Resting radionuclide angiogram (RNA) is a type of nuclear medicine procedure. This means that a tiny amount of a radioactive substance, called a tracer, is used during the scan to help show the heart’s chambers in motion. This test can tell the doctor how well the heart pumps and how much blood is pumped with each heartbeat. This is called the ejection fraction.
A radioactive tracer (usually technetium) is injected into an arm vein to “tag" blood cells so they can be tracked with a scanner as they move through the heart. A special camera (called a gamma camera) then makes recordings of the heart muscle at work, like a movie. These recordings will be matched with the electrocardiogram (ECG). An ECG is a recording of the heart's electrical activity.
When the heart tissue doesn’t get enough blood, it can’t function as well as it should. Over time, the heart muscle becomes weak due to a lack of oxygen.
If the heart muscle doesn’t move normally, or not enough blood is pumped out by the heart, it may be a sign of one or more of the following:
Reasons for your doctor to request a resting radionuclide angiogram (RNA) include:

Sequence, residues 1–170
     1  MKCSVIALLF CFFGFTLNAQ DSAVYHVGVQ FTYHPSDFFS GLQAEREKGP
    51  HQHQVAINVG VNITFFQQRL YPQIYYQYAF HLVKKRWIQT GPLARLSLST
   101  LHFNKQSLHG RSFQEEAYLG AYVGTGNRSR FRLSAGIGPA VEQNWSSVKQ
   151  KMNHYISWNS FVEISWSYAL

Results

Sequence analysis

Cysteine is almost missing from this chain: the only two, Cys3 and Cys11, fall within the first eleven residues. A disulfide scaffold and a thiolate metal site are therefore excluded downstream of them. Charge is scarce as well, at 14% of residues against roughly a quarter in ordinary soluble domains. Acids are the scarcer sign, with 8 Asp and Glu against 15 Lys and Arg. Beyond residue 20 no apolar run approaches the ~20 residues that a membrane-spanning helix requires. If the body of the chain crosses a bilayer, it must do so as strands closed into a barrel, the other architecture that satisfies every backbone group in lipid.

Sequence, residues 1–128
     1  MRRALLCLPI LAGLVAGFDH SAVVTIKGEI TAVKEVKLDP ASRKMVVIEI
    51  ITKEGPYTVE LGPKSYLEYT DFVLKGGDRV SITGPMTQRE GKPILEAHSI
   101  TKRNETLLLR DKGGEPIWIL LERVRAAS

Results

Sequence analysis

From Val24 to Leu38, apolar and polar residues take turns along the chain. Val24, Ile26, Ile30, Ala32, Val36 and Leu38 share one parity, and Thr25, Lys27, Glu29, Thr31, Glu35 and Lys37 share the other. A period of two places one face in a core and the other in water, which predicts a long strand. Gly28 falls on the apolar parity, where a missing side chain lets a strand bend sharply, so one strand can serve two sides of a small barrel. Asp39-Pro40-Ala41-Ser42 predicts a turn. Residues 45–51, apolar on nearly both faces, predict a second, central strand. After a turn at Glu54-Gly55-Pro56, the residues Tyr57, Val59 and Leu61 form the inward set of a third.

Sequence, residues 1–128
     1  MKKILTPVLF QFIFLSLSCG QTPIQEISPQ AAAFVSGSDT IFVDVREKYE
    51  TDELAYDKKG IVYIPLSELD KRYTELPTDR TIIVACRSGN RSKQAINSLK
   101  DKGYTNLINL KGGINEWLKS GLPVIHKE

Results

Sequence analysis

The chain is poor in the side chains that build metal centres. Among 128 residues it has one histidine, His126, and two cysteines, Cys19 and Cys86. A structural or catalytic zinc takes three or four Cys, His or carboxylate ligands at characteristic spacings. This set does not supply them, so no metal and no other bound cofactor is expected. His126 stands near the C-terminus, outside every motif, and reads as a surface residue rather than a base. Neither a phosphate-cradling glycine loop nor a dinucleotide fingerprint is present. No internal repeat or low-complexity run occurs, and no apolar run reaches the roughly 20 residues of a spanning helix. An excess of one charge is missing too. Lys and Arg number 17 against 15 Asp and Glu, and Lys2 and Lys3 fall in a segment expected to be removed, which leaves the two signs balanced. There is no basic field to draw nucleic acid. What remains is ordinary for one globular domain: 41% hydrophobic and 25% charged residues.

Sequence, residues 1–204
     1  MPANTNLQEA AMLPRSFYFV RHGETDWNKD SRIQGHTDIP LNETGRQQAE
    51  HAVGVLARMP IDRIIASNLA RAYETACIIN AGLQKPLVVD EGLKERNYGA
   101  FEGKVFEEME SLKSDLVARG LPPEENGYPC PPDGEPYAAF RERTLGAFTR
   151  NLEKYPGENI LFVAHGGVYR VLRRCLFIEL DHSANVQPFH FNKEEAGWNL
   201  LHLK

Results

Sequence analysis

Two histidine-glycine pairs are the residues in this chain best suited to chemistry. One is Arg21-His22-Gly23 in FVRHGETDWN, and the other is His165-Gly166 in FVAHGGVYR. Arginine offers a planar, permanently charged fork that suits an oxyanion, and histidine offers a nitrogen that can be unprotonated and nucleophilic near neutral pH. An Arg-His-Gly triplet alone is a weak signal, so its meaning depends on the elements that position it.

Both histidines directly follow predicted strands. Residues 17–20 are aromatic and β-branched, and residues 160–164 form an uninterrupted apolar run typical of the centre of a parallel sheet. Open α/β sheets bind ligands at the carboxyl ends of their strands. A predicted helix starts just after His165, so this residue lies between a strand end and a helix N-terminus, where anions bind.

If your doctor thinks you have some type of heart disease, a resting RNA may be done.
There may be other reasons for your doctor to recommend this test.
Only a small amount of the radioactive tracer is used. So, there is no need for precautions against radiation exposure.
The injection of the radioactive tracer may cause some sight discomfort. Allergic reactions to the tracer are rare.
If you are pregnant or think you may be, tell your healthcare provider. Radiation exposure during pregnancy may lead to birth defects. If you are breastfeeding, tell your healthcare provider.
There may be other risks depending on your specific medical condition. Be sure to discuss any concerns with your doctor prior to the procedure.
Certain factors may interfere with or affect the results of this test. These include:
A resting radionuclide angiogram (RNA) may be done on an outpatient basis or as part of your stay in a hospital. Procedures may vary depending on your condition and your doctor's practices.
Generally, a resting RNA follows this process:
Be sure to move slowly when getting up from the scanner table to avoid any dizziness or lightheadedness from lying flat for the length of the procedure.
You will be instructed to drink plenty of fluids and empty your bladder frequently for 24 to 48 hours after the test to help flush the remaining radioactive tracer from your body.
The IV site will be checked for any signs of redness or swelling. If you notice any pain, redness, and/or swelling at the IV site after you go home, you should notify your doctor as this may be a sign of infection or other type of reaction.
Your doctor may give you other instructions after the procedure, depending on your particular situation.
Before you agree to the test or the procedure make sure you know:
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